The real competition for even the best TT is the C7 Vette. Lots of easily accessible space thru the rear hatch with tons of hp and torque. But the Vette feels like a much bigger car than the TT. Also, the Vette lacks the analogue feel of this generation of the TT.

    Now given a choice between spending $55K for this particular TT versus spending a few grand more for a year old C7? The Vette would get my money

    • 0 avatar
      energetik9

      I get you own this car and you like it, so more power to you. But the Corvette and the 911 are in no way a competitor to this car. No one breathes those two in the same sentence. It’s probably more like a Z4 or SLK.

      I get the feeling you are implying that the Carrera S and Cayman S have less torque and are therefore less “entertaining”. Even if the Porsche were slower, and it isn’t, I’d gladly take a better handling car.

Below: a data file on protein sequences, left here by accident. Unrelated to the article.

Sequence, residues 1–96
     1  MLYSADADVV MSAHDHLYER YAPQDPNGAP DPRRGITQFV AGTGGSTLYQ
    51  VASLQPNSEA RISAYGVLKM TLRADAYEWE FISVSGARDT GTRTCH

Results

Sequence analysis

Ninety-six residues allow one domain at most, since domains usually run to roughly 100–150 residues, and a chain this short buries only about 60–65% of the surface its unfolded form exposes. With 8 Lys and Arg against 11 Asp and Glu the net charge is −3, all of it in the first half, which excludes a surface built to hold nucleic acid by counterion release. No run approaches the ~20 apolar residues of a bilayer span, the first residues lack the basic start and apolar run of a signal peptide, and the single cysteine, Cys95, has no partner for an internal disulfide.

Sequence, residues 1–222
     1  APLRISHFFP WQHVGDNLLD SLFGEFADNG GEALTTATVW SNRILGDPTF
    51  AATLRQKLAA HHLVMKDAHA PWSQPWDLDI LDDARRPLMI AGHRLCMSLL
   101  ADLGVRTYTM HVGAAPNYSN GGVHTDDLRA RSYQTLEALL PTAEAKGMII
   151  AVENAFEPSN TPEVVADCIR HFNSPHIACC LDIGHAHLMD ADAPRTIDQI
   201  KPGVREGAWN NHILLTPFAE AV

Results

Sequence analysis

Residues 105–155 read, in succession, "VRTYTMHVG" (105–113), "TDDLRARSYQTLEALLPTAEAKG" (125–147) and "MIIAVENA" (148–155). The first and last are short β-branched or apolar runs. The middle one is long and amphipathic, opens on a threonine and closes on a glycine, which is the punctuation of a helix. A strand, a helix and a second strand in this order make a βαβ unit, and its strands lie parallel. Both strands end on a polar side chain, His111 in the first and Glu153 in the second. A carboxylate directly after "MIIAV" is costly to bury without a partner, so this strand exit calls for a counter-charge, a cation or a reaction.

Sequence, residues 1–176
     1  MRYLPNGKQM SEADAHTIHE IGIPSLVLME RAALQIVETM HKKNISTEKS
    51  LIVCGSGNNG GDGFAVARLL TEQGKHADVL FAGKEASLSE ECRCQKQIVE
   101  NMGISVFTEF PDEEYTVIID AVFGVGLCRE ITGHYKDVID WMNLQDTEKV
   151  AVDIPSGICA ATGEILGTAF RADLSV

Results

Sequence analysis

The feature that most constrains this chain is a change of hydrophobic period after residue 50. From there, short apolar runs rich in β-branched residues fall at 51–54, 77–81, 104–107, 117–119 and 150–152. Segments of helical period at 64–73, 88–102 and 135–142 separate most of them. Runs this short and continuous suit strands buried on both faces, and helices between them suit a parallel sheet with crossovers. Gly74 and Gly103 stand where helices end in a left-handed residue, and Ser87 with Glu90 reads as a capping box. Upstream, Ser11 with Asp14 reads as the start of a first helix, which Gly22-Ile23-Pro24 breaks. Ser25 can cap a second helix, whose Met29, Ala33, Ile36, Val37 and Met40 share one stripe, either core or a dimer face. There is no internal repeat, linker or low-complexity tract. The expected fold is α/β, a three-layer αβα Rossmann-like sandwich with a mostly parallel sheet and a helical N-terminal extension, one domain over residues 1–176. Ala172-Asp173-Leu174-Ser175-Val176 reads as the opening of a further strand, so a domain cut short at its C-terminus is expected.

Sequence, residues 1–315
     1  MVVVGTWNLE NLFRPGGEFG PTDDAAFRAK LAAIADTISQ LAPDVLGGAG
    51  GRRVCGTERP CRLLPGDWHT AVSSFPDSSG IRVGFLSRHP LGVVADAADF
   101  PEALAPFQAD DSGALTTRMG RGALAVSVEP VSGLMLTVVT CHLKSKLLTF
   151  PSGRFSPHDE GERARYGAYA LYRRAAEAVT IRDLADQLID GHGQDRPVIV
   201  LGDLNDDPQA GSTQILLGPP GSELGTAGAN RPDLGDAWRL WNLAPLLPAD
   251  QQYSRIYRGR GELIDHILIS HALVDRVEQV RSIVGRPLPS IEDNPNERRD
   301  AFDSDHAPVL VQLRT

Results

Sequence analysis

• 0 avatar
        ccd1

        No one breathes them in the same sentence because they always compare them on the track. If you don’t track your car, they ARE comparable.

        The Porsche is the better car on the track and the better handler at the limits. However, in everyday driving on public roads, the RS is more entertaining. The power in Porsches tends to be higher in the rev range which is fine on the track, but not nearly as useful as low end torque you can actually use on public roads.

        The Porsche would be faster around a race course, but on public roads, the RS feels noticeably faster. I’ll bet you’ve never actually driven the RS.

        • 0 avatar
          energetik9

          If you think they are comparable, that’s fine. I don’t believe it. And I do like the TT RS. I have driven other TT’s, but not that variant.